SDG 13 – Climate Action: Insurance supports mitigation and adaptation efforts in various ways. As we know, from a mitigation perspective, investments are required to transform the energy system. Insurance is key to enabling this energy transition, as, for the most part, insurance solutions are essential to mobilise private capital towards these clean energy projects. In parallel, the growing number of extreme weather events demand adaptation solutions to support populations impacted by climate-related hazards and natural disasters as outlined in SDG Target 13.1. Global economic losses from natural disasters totaled USD 275 billion in 2022 but only 45% of these losses were insured. This creates a massive protection gap, disproportionately affecting poor and vulnerable populations. As the impact of climate change intensifies across the globe, there is a greater need for all types of insurance to fuel adaptation initiatives.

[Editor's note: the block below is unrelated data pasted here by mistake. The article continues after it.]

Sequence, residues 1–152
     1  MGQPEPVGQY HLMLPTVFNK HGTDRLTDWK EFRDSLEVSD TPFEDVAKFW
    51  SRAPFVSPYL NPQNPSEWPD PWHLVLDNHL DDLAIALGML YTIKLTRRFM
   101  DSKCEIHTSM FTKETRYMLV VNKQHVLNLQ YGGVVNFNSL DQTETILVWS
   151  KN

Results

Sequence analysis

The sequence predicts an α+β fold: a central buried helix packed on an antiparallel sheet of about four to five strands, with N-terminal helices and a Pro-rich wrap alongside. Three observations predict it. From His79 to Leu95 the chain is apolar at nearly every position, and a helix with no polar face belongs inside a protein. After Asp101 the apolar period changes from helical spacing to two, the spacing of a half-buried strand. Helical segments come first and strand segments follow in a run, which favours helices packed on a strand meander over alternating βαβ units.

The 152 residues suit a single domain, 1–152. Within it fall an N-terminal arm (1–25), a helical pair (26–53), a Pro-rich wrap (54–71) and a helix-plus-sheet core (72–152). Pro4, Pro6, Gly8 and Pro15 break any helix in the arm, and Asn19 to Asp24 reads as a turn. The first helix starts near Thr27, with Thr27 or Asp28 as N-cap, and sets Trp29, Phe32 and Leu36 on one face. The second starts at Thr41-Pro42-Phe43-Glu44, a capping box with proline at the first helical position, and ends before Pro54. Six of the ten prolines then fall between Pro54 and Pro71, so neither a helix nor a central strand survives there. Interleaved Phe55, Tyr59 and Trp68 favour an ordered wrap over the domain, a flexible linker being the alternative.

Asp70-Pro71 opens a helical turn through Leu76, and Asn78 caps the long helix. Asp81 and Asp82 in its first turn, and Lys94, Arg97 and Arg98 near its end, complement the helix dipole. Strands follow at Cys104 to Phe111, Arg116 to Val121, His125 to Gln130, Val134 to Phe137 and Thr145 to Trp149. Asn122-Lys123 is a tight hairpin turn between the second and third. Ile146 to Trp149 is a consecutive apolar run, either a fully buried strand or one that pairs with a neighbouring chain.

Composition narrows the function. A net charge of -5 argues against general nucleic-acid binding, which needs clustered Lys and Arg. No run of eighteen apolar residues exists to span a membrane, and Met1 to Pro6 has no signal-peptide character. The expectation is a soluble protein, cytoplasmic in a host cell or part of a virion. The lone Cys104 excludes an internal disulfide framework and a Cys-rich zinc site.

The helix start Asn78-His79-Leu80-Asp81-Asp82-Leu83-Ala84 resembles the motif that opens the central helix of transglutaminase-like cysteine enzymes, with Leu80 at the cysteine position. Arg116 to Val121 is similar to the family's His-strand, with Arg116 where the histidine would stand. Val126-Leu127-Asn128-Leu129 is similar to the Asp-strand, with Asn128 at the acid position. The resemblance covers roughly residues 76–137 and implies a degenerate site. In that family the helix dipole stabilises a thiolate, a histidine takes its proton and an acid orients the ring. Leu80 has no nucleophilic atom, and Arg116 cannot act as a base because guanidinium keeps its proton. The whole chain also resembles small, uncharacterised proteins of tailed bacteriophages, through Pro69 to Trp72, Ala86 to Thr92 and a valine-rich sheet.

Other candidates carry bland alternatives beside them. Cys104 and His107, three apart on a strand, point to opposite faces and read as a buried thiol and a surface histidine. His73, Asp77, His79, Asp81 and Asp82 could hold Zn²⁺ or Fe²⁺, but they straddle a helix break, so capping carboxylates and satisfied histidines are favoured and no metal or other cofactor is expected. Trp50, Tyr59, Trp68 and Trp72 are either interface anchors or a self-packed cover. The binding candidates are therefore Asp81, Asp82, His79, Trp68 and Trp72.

It is important to emphasise that while I explored the MSc. material through an insurance lens, others will find the SDGs relevant to their personal and professional lives in many different ways.

Teaching Old Dogs New Tricks

There are first-rate SDG educational initiatives targeting primary, secondary, and tertiary students; yet we cannot only wait for younger generations to grow into positions of power and influence to drive the urgently required change. More work is required to provide experienced professionals with scientifically anchored and solutions-focused SDG knowledge.